It was the kind of performance that has made Mike Pence’s career.
Speaking with reporters yesterday in Arizona—his voice slow with that wholesome midwestern drawl, his eyebrows lifted more in sorrow than in anger—the vice president came valiantly to the defense of his persecuted boss amid growing controversy over President Donald Trump’s phone call with his Ukrainian counterpart. “One of the main reasons we were elected to Washington, D.C., was to drain the swamp,” Pence explained, sounding perfectly sincere as he recast Trump’s efforts to pressure a foreign government into investigating his political rival as a bold stand against corruption.
Such ostentatious displays of water-carrying are not new for Pence. But this time the stakes were higher. The Washington Post had recently published a story citing anonymous “officials close to Pence” who appeared to be distancing him from Trump’s escalating Ukraine scandal. To many observers in Washington—myself included—the story was evidence that the two men were not entirely on the same page. Pence’s maneuvering yesterday may have temporarily deflated that narrative, but it also illuminated the fraught nature of his relationship with Trump.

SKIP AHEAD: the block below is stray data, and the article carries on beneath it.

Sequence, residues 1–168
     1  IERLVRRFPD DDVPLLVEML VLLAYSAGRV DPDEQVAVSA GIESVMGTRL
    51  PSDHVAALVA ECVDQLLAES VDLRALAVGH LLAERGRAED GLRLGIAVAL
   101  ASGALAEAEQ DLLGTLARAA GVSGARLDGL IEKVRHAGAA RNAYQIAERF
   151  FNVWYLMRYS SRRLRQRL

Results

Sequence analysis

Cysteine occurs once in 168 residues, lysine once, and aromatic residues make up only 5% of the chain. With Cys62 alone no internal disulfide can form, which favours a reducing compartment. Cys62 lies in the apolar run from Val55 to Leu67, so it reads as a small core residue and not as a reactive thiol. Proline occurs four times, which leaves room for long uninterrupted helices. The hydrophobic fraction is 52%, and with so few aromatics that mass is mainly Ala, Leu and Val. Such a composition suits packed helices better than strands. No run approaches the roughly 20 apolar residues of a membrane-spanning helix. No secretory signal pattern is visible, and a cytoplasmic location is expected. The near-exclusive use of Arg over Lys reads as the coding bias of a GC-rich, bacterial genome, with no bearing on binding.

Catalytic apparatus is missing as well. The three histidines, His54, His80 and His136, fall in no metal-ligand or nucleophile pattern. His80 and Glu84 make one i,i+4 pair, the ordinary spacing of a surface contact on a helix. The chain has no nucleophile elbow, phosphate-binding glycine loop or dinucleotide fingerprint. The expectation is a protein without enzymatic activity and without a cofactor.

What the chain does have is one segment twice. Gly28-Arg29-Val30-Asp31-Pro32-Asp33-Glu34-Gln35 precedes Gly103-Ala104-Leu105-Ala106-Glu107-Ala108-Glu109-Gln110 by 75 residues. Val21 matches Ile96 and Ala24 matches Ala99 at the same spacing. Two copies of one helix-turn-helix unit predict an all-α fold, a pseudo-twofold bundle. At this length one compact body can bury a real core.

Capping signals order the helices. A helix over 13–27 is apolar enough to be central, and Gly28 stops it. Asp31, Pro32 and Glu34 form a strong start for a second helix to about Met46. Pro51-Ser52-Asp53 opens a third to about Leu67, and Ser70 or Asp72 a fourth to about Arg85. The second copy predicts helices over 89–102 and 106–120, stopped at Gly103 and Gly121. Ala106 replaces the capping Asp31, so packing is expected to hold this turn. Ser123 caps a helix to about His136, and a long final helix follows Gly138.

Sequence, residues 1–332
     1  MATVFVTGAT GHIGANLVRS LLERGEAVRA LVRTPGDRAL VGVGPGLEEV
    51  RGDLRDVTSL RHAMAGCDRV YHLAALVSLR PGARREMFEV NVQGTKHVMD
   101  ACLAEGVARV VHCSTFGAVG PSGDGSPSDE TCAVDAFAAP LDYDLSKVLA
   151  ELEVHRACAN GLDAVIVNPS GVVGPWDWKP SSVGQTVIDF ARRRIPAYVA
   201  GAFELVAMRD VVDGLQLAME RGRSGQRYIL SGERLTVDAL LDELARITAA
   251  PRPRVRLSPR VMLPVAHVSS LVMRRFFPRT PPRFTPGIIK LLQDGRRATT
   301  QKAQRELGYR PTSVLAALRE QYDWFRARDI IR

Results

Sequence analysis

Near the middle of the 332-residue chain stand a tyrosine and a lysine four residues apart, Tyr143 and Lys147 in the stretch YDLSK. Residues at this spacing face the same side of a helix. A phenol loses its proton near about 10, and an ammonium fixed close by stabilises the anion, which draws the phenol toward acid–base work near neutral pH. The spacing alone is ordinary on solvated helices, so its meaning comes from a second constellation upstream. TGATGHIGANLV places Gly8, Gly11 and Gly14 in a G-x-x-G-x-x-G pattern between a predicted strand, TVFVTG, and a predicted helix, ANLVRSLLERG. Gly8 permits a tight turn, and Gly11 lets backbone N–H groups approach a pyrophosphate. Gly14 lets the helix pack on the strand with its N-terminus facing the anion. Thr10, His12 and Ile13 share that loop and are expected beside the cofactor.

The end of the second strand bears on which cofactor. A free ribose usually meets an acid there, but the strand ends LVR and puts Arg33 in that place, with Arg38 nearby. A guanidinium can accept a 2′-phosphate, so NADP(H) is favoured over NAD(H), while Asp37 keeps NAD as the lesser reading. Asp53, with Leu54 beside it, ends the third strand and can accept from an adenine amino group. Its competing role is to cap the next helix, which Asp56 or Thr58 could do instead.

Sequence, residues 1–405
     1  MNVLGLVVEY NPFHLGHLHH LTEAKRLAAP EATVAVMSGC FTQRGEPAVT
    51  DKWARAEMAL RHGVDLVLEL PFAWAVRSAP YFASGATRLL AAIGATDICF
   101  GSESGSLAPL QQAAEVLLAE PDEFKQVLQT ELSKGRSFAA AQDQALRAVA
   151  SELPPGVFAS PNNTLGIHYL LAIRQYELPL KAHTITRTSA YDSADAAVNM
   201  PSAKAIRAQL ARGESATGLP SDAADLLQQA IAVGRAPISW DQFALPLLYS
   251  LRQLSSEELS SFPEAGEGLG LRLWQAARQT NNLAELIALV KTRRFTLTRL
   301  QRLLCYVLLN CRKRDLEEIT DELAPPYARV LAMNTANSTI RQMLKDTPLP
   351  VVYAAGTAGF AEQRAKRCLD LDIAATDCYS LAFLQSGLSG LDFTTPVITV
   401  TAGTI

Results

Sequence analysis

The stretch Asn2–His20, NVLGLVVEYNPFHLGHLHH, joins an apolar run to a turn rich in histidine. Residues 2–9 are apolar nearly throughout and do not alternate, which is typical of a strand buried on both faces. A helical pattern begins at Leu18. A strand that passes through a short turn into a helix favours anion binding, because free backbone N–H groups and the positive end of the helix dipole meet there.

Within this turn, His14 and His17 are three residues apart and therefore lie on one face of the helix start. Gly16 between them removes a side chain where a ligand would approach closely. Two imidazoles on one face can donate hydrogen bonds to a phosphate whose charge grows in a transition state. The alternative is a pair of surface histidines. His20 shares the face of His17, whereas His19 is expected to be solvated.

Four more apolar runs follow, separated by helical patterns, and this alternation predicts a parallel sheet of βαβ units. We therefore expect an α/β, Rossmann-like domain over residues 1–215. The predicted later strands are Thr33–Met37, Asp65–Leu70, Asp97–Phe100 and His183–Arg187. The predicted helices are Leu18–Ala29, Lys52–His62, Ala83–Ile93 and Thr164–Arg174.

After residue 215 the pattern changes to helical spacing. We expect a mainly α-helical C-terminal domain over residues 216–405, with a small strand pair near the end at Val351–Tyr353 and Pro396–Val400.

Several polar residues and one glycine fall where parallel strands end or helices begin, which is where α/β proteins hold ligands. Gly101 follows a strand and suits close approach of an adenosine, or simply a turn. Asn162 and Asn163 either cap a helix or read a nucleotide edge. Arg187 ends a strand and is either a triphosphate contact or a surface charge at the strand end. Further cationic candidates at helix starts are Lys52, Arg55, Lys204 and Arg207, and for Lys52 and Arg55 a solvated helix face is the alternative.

In any embattled White House, an ambitious vice president can run the risk of turning radioactive. Every word he utters in public is dissected, every move searched for signs of a coming coup. Pence, of course, has labored strenuously to perform his loyalty to Trump. But with an impeachment battle raging, and a president burrowing deeper each day into paranoid bunker mode, the fragility of their partnership could soon be on full display.